|Merrill Heatter Productions|
|Turner Program Services|
WINK: What does everybody want? AUDIENCE: "The Last Word"! JENNIFER: And now, ready to play the game where "The Last Word" is worth everything, our players: (insert two civilian contestants from city, state, and occupation, and their celebrity partners), and now, here are two big/good/great words to get us started: Wink Martindale!
The Last Word was a word game where a group of words share a common bond, and where the last word means everything.
Two teams consisting of a celebrity and a civilian contestant compete to guess a series of words that had something in common in order to win prizes.
To start, three rows of blank squares (indicating how many letters are in each word) were revealed along with three free letters (one in each row). Now the player in control presses a button which causes a yellow square to move around the board. When it landed on an empty square, a letter in that square is revealed and then the player has to decide to either take a guess on any word in any row or pass control to his/her opponent (that player also had the option to guess at the start of a turn); but if the yellow square landed on a square that already has a letter revealed, then the player had to choose which row & square in which to reveal a free letter.
When guessing the word, if the team guessed correctly they win that word; but if they guessed wrong, the computer typed in the letters that were correct (up to the first incorrect letter), except for the last letter which remains hidden. The first team to guess the last word in the group of three wins the game. If they had solved only the last word, they won a rather cheap prize; two words won a better prize, and solving all three words and winning the game won the first two prizes & a bonus prize for that game. A game win was signified by a star lit up on the team's podium. A best two-out-of-three match is played with the winning team becoming champion & moving on to the bonus round.
Unlike most celebrity-civilian word games, the arrangement of which people played in each game varied. In the first two games, the celebrity from one team faces off against the civilian player from the other team. In the tie-breaker, both civilian players face off.
When time ran out in the middle of a game, all the words were revealed, and the game had to be restarted at the start of the next show.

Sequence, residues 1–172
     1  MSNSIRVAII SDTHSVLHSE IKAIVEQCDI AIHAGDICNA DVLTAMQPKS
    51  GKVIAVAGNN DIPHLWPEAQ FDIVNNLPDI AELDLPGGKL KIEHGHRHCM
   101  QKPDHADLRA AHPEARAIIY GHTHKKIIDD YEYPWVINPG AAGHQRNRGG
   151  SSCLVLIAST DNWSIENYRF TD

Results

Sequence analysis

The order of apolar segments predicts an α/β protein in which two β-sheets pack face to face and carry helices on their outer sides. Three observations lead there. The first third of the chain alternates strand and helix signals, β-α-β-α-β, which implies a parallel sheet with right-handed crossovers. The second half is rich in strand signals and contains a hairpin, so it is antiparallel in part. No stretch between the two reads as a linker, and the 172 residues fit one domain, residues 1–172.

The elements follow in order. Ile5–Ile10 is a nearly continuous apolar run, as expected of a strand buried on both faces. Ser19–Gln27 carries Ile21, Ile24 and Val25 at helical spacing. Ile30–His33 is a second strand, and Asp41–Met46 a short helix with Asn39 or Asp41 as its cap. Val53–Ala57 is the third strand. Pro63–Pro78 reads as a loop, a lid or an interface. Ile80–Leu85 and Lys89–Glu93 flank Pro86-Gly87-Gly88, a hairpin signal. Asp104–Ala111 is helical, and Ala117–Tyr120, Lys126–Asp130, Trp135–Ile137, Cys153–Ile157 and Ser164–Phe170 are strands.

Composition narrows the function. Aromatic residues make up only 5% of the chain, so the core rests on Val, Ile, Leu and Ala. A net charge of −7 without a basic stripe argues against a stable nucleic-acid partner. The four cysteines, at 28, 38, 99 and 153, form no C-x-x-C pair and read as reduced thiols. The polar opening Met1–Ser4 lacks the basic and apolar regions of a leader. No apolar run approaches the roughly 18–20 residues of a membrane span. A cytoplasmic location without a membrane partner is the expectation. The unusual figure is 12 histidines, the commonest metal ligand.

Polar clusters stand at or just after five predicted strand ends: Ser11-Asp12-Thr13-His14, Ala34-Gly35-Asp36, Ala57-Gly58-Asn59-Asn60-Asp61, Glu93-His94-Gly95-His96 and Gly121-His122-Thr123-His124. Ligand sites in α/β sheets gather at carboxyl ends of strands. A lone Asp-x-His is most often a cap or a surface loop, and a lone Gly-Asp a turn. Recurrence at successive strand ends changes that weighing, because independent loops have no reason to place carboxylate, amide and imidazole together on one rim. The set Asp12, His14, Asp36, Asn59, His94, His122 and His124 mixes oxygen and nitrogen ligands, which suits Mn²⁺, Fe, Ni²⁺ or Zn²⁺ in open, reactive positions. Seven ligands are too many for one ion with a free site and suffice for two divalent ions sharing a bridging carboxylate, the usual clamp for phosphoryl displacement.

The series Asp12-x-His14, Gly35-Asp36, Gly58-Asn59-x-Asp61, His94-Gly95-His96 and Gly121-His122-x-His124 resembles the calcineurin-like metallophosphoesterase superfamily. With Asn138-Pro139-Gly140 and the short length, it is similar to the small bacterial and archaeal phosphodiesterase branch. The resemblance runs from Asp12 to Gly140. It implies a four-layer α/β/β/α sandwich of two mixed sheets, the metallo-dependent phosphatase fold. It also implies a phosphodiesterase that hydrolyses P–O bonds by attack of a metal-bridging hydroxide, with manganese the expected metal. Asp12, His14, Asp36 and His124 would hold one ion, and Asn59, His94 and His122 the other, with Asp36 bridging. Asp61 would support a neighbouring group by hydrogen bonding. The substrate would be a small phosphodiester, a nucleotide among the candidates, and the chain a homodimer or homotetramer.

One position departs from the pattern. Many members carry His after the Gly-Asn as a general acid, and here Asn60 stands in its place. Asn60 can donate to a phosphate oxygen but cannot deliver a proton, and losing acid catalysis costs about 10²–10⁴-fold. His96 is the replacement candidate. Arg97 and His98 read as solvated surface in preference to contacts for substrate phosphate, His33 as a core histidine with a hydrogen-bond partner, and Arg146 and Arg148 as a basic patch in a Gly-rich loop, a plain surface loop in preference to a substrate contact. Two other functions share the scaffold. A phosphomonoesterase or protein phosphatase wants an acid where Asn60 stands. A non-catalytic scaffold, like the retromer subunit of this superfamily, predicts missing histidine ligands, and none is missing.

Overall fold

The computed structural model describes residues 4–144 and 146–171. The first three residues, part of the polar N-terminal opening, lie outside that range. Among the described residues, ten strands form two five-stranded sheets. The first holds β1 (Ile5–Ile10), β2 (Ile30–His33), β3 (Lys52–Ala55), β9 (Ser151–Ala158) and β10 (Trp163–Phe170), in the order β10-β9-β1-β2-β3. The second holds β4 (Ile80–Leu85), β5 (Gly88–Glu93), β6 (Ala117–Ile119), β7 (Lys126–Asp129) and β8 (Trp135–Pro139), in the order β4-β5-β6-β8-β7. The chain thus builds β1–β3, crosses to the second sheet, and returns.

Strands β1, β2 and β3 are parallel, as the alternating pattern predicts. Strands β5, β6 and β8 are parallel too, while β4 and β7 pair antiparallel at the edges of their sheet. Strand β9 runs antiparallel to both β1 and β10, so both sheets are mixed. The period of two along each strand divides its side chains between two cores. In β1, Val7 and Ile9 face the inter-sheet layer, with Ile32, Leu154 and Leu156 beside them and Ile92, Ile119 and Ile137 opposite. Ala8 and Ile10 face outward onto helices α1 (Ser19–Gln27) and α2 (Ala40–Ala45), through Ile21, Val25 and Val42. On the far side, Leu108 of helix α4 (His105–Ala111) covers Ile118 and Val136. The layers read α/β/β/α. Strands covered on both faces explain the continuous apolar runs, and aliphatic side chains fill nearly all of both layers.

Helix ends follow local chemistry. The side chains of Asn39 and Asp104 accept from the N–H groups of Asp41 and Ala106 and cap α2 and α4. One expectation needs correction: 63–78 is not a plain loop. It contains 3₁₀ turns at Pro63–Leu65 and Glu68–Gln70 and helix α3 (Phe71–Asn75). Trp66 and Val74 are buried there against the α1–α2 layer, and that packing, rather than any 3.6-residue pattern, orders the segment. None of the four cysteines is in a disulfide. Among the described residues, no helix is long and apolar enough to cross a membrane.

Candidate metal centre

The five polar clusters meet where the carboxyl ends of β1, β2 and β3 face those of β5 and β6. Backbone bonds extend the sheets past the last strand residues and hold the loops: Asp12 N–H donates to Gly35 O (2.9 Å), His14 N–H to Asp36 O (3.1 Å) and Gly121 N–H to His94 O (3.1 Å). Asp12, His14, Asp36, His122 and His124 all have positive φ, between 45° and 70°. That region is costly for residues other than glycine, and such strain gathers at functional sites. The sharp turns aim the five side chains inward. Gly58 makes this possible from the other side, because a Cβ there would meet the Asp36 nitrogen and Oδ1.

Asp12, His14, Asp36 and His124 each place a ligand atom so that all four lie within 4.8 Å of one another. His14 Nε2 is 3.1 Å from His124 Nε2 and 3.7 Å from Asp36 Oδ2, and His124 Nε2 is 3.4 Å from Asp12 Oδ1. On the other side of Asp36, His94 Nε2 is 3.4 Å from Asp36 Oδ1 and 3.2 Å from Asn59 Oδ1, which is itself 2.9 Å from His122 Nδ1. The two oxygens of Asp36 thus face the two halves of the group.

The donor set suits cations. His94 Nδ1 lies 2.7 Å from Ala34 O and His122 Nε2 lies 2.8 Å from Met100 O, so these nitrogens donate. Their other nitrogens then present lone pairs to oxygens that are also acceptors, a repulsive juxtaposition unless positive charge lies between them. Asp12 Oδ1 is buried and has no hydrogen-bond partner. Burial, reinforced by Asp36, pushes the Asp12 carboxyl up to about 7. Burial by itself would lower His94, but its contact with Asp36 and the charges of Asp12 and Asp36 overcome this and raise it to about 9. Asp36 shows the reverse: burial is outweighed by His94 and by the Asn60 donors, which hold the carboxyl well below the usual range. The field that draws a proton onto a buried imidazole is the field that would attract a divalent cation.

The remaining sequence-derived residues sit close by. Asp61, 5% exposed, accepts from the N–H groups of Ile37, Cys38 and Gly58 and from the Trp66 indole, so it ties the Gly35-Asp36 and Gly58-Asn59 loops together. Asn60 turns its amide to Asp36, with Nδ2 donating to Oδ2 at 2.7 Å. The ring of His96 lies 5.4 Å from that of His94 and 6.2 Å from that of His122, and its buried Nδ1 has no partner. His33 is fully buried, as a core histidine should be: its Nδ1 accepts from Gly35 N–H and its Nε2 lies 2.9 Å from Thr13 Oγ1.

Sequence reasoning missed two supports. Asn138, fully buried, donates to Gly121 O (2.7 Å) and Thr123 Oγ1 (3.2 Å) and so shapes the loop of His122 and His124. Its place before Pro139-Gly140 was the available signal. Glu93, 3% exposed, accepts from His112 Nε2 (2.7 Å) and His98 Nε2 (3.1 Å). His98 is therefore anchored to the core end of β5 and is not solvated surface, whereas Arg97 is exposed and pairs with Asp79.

60-Second Challenge (Bonus round)Edit
In the bonus game, the winning team has 60 seconds solve 10 puzzles. Each puzzle has two words already revealed, they act as clues to the third word which was unrevealed (one letter was given at the outset). Letters in the mystery third word are revealed one at a time in random order (the last letter is not given) (similar to Scrabble's Speedword). Each correct answer was worth a $100 gift certificate; solving all ten puzzles won a jackpot grand prize package (which usually included a trip). Should that not occur, more prizes were added until won.
After the bonus round, both players switch celebrity partners for each new game, and the first player to win two matches becomes the champion.
The pilot rules were the same as the series except with these differences:
- The show was taped in Los Angeles while the series was taped in Canada.
- There was a different hostess named Jana White who worked the computer and the announcer was Burton Richardson.
- Players stopped the square which was white with the use of a lever instead of starting the yellow one by hitting a button.
- Words were worth a straight-up $100 cash to the winner of each round for a maximum total of $300. $100 cash/word was also offered in the 60 Second Challenge instead of just prizes; meaning that winning the bonus was worth $1000 cash and a jackpot prize package.
- Tony Reitano, one of the contestants from the pilot, would later appear in the 1990 Gambit pilot (another Merrill Heatter game show) and an episode of Jumble: The Interactive Game.
Michael Camilo for Score Productions
The sound when a letter is revealed is the Fast Money answer reveal sound in Family Feud; also, the sound heard if the cursor stops on a letter already given is the ring-in sound from Family Feud as well.